Item #: SCP-2607
Object Class: Euclid
Special Containment Procedures: The Foundation has made large anonymous donations to sexually transmitted disease awareness and prevention programs in a number of countries with documented SCP-2607 outbreaks; the patents to the antiviral drugs acyclovir and valacyclovir have been purchased by Foundation front companies, and these drugs have been substantially reduced in price to aid in SCP-2607 containment efforts. Efforts have been made in several countries to ban or regulate the practice of "phone sex", especially in a high-volume commercialized form; these efforts have largely been unsuccessful, and in some cases merely caused these "phone sex" telephone lines to move their operations to jurisdictions which are more difficult for the Foundation to monitor.
Individuals identified as carriers of any strain of SCP-2607 are to be detained and questioned about their sexual history to identify other possible carriers, then treated with a targeted antiviral drug developed as part of the SCP-2607 containment initiative. Medical records of herpes simplex cases are to be regularly cross-referenced with employees and habitual users of "phone sex" telephone lines, and with users of sexual role-playing websites; any pattern indicative of a possible SCP-2607 outbreak is to be investigated as soon as possible.
Samples of SCP-2607-1 and -2 are stored in Bio Site-66's cryogenic storage facility; research proposals involving exposure of D-Class personnel to SCP-2607 must be approved by Site-66's Ethics Committee liaison, and all experimental subjects must be treated with the targeted SCP-2607 antiviral at the conclusion of the experiment.
Description: SCP-2607 is the collective designation for two strains of the herpes simplex virus with similar anomalous means of transmission, designated SCP-2607-1 and -2. Both strains of SCP-2607 cause similar symptoms to HSV-2, the herpes simplex strain which causes most cases of genital herpes; blisters appear on the genitalia within approximately 7 days of initial exposure, and heal over the next several weeks. SCP-2607 strains can be transmitted via sexual activity, as with non-anomalous varieties of herpes simplex, but each can also be transmitted by certain non-physical sexual activities.
SCP-2607-1's primary anomalous mode of transmission is through "phone sex"—sexual role-playing or descriptions of hypothetical sexual activity transmitted via telephone. For SCP-2607-1 to be transmitted, the infected and uninfected participants must describe a scenario in which, were the sexual activity occurring physically, it would be possible to transmit herpes simplex; descriptions of proper condom use reduce transmission rate by approximately 30%. Research has shown that SCP-2607-1 can also be transmitted via in-person sexual role-playing (i.e. "phone sex" without the telephone); in-person sexual role-playing reduces the transmission rate by approximately 50%. SCP-2607-1 cannot be transmitted through recorded speech; the infected and uninfected participants must share a direct audio connection.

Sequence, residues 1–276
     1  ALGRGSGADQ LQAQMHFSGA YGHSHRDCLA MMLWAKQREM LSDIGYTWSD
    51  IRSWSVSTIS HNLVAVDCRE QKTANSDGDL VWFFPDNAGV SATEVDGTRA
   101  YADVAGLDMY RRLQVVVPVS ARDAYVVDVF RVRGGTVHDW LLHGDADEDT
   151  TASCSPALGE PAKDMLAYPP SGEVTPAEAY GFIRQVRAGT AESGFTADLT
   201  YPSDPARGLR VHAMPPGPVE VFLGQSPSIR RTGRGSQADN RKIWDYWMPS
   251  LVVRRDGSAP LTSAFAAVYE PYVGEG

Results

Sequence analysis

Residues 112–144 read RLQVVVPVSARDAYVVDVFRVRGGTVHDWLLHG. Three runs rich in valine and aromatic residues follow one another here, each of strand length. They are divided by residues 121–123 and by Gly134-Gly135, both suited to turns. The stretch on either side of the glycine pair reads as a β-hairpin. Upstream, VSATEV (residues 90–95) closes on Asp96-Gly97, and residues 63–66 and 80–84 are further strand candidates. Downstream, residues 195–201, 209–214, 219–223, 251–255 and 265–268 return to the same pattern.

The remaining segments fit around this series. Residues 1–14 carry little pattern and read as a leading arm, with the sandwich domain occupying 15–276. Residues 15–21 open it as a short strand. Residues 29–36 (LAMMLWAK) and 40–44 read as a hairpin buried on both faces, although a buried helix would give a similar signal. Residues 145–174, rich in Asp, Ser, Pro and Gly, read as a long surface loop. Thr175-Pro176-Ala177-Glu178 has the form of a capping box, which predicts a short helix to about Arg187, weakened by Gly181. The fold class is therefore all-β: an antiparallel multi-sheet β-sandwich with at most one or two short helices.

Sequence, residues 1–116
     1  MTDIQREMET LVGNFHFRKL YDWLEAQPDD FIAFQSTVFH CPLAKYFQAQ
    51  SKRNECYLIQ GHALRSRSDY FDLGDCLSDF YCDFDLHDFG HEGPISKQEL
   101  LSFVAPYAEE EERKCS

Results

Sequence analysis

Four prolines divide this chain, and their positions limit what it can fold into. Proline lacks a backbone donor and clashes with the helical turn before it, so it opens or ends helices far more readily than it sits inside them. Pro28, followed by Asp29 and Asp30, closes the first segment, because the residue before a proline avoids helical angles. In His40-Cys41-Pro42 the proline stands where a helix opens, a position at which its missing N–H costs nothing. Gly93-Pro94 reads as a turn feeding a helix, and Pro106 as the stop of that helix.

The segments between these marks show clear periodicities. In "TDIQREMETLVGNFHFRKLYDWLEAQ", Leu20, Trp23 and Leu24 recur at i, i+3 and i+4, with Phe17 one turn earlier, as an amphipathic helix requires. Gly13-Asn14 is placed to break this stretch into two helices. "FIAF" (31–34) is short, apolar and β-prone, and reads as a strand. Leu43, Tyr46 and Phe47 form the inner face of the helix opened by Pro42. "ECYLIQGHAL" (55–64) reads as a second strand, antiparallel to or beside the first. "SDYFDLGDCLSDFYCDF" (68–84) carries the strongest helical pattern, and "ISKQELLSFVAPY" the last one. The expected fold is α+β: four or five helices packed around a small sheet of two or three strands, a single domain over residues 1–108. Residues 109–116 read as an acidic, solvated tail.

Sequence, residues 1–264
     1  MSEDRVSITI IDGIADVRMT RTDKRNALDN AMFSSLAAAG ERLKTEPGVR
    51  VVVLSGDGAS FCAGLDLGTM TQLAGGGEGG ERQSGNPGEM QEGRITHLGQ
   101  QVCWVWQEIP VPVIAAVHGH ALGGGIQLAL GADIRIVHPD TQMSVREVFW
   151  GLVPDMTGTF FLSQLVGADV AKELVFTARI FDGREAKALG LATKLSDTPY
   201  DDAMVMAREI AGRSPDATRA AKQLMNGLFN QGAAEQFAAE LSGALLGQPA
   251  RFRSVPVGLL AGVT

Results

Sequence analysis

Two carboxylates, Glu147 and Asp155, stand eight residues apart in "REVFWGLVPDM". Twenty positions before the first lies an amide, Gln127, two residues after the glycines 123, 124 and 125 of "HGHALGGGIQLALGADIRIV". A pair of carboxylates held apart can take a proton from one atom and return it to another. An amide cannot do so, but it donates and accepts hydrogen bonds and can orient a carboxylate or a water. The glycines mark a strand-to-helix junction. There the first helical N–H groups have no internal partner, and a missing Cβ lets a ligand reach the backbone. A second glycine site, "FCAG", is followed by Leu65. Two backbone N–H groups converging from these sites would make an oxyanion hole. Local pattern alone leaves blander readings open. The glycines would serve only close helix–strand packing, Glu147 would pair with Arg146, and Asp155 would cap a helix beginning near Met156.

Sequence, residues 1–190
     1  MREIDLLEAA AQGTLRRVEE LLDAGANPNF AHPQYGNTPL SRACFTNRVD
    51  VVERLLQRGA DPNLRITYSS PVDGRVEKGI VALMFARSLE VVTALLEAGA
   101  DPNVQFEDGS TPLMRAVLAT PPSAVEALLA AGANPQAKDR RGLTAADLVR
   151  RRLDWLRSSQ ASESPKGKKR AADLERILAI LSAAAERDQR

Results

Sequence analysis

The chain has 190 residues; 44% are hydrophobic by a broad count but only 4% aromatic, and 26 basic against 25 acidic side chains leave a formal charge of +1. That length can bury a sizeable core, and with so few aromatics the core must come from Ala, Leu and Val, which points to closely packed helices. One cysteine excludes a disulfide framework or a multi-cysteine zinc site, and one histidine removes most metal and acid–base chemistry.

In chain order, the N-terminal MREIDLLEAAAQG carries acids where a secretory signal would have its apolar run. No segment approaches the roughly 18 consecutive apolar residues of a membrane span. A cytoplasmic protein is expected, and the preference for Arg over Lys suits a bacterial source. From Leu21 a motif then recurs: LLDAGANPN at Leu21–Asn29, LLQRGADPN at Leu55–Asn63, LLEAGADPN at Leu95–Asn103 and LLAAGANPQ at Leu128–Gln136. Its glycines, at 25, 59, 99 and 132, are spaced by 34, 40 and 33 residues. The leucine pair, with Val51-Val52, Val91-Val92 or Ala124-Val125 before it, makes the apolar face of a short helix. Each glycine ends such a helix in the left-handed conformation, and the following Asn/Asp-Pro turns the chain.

SCP-2607-2's primary anomalous mode of transmission is through online erotic role-playing. Similarly to SCP-2607-1, both the infected and uninfected participants must describe a scenario which could lead to transmission of non-anomalous herpes simplex. Unlike SCP-2607-1, the responses need not be immediate; successful transmission has been observed with a lag between successive messages of as long as three weeks. SCP-2607-2 can also be transmitted via SMS-based erotic role-playing ("sexting") and via telephone, although the rate of transmission is reduced by approximately 75%. Erotic role-playing not mediated by some electronic medium (in-person, or via written or printed descriptions) cannot transmit SCP-2607-2.
SCP-2607-1 was first identified by the Foundation in 1983, when a number of individuals reporting herpes simplex infections without prior sexual activity were found to have called the same "phone sex" line; records from the "phone sex" line indicated that each of these individuals had engaged in sexual role-playing with the same operator, Ms. █████ Pickering, then a student at the University of ████ ███. Ms. Pickering was detained and interviewed; she claims to have only had a single sexual partner, a fellow student named "Simeon Plesko" whom she met at a party. Ms. Pickering only engaged in sexual intercourse with this individual once, and said that he "left [her] flat before [she] woke up and never called [her] back." University of ████ ███ records contain no mention of a student by this name; Simeon Plesko has been classified as Person of Interest 2607-Α.
SCP-2607-2 was identified in 2005, when almost every active member of "Islands of Desire," a server of the MMORPG1 █████████ █████ devoted to erotic role-playing, sought treatment for herpes simplex. Approximately one week before the first users reported herpes simplex infections, the server had hosted a nautical group sex-themed event called "Orgies of the █████ █████," coinciding with the release of the █████████ █████ expansion pack "██████ of the █████ █████;" an individual with the username "Sim_Plex" had been very active during this event. Attempts to trace this user via IP or payment information proved fruitless; investigation is still ongoing.